And if you don’t want to reread the blog entry, the main point I made was Mick Cronin’s contract extension was probably a good move made by UC AD Mike Thomas. Here’s the nut graf (thought it came at the end of the post, making it more of the kicker):
Check here for the rest of the blog post.
EXCEPT for the promised BONUS question that I’m inserting here:
That was a nice article about Mick and the contract extension. However, I don’t agree that the basketball program is getting better under Mick…What happened at the end of last year is inexcusable…Going into the season last year with one point guard is inexcusable…Playing players such as: Rashad Bishop and Alvin Mitchell was inexcusable…. UC basketball is dead at this point in time…It will remain so until Mr. Thomas pulls the trigger on getting UC another head basketball coach…Mick is NOT the answer! Thomas hired Brian Kelly…and gets an A + for that… However, Mick is dragging down his grade point average.
I don’t disagree with some of the points here. Yes, the end of last season was horrible. Yes, Rashad Bishop hasn’t been great so far in his UC career (5.4 points per game) and Alvin Mitchell was pretty much a disaster. Yes, UC basketball isn’t as nationally-relevant as it was under Huggins. But if you’re saying UC basketball has not improved, I think there’s some sort of ax to grind. The win total has increased (although yes, the non-conference schedule isn’t quite as juicy), the players have improved (remember, Marcus Sikes was the starting center in Mick’s first year) and UC was competitive in the Big East last year. UC had a chance at an NCAA tournament berth. You can’t say the same about Mick’s first two teams.
So, now when somebody asks me if they can have a free copy of Bearcats Rising, I’ll just point them in this direction. Since, you know, I don’t plan to make much money on ringtone sales.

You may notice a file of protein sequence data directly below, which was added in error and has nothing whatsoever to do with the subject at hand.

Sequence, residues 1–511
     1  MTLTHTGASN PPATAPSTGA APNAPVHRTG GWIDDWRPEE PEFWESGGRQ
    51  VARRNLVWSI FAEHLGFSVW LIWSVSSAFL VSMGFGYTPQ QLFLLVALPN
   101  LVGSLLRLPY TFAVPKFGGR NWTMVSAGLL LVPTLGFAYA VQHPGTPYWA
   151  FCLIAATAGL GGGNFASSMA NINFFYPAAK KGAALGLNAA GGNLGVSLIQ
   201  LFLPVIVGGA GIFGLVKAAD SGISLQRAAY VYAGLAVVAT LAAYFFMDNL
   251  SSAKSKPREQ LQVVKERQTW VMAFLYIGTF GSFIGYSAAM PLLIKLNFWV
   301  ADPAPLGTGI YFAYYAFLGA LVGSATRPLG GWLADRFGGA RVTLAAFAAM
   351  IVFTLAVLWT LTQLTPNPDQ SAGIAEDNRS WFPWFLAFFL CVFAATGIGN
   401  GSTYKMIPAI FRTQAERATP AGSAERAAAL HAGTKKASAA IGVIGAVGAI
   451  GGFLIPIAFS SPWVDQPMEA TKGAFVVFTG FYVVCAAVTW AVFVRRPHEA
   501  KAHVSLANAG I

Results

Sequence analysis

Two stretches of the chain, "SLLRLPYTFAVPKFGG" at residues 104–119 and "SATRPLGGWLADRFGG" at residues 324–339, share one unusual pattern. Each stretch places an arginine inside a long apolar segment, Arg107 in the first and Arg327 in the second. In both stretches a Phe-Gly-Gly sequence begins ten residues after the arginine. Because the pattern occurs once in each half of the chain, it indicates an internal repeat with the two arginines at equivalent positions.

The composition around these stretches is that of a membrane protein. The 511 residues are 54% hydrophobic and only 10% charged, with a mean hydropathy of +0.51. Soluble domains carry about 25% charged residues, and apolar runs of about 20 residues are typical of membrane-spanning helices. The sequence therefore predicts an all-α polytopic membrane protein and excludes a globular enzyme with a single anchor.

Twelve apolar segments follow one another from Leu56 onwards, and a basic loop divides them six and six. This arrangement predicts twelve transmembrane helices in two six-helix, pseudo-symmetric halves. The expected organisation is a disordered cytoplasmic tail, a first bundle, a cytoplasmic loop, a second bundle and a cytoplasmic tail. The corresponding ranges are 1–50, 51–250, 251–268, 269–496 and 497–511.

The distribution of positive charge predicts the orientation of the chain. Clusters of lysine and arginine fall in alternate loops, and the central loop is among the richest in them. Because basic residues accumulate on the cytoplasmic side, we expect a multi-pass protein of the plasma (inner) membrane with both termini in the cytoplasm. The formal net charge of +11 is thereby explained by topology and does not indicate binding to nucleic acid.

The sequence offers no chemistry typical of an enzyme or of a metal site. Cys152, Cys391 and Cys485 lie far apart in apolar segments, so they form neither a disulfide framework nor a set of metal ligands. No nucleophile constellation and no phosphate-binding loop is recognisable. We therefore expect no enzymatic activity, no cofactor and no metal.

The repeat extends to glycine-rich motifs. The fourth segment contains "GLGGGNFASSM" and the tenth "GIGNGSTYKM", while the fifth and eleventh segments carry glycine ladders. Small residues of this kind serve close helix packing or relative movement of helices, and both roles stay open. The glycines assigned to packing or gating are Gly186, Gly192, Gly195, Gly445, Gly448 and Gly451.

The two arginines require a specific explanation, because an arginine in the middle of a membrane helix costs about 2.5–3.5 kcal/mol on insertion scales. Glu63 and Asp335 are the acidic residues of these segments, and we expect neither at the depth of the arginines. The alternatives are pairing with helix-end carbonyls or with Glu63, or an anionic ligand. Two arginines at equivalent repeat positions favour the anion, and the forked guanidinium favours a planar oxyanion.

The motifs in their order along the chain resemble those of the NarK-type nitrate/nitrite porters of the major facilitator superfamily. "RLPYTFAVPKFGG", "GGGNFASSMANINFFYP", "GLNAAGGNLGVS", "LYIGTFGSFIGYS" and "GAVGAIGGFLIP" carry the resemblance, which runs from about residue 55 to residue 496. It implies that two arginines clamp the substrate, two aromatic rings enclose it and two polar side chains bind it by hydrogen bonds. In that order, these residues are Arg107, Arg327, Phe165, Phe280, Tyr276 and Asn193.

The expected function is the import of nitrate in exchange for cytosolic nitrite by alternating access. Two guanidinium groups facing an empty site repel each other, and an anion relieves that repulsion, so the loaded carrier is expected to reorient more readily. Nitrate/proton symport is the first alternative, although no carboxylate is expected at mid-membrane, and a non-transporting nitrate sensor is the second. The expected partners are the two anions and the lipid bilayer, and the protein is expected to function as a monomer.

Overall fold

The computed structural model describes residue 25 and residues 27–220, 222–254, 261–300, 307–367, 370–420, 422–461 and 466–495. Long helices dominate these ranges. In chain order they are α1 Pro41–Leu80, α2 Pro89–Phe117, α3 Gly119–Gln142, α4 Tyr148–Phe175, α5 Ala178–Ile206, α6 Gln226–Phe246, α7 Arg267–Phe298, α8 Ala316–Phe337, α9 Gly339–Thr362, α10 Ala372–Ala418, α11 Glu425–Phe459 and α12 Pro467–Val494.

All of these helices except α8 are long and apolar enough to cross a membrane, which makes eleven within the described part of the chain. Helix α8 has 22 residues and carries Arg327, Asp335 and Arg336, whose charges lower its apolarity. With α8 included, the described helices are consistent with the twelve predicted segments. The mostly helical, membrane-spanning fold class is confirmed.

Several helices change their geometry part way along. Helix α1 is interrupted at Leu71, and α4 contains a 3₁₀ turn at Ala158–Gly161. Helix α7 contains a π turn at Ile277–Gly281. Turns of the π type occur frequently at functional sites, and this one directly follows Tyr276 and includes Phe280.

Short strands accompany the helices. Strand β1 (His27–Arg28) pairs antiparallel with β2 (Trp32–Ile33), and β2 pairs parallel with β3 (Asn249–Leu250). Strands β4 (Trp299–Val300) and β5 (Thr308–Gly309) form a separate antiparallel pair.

I finished the book index late last night, and in reality, it wasn’t a terrible undertaking. I thought it would be brutal – going through each page and looking for names and events sounds awfully tedious to me – but it was more exciting than I thought (exciting, of course, being a relative term). Plus, I found a couple mistakes we could correct. After all the writing and editing and proofing we’ve done, I still don’t know why there were some mistakes I didn’t catch. For instance, there was a guy who played on the football team in the mid to late 1990s with the last name of Petrus. For some reason, I could have sworn his first name was David. But when I went to triple-check the name in the media guide, I couldn’t find a David Petrus. Instead, I located a Brent Petrus who played during those years. Sure enough, I went to quadruple-check, and yep, the guy’s name was Brent. Not David. How do mistakes like that happen anyway? Good thing, though. We’ve cleaned it all up for the book printing. There will be no mistakes, no typos, no misspellings. It’s going to be perfect.
(10:40 a.m.): I sat down with Mick Cronin in early April, and while we discussed the end of last season and what he could expect for next year – as detailed in this blog post – we also got off track a bit.
I asked him about what I perceived as fan negativity with the state of the basketball program. Mick didn’t really address that, probably because he didn’t feel that he needed to answer those types of questions. He said he was more focused on the fans who are with the team – the 6,000 or so that entered Fifth Third Arena for games – than those who wanted to bash him and his players.
It’s perfectly understandable, and when he said that the Mick-bashers were a vast, but vocal, minority, it made sense. If you go by message boards and e-mails, the will of the people says that Mick should have been fired last season after the Bearcats had such a horrendous end to the year. But Mick comes into contact with dozens of more UC basketball fans than I do on a daily basis. For the most part, he said, those people were supportive. Those people wanted to see him stay as the Bearcats coach and to succeed there.
Read the rest here.
(10:44 a.m.): Twice a day, Lionel Jackson and Kenny Anaba find themselves in the warm weather, practicing with teammates they’re still getting to know and trying to understand what their coaches are saying. Twice a day, Jackson and Anaba – former soccer standouts for the Bearcats – feel at home in a land that sits many miles away from Cincinnati. Twice a day, Jackson and Anaba can feel comfortable at last.
“The thing about soccer that’s so beautiful is you don’t have to speak the same language,” Jackson said. “It’s a universal game. But it is really hard communicating with our coach.”
Anaba (who played his final season at UC in 2007 and led the Bearcats with 10 goals that season and finished seventh on the all-time goals list) and Jackson (a two-year starter who finished sixth in the Big East with eight assists in 2007) have spent the past few weeks playing for the Carolina Gigantes FC of the Puerto Rico Soccer League.
Read the rest of this Katz on the Cats entry here.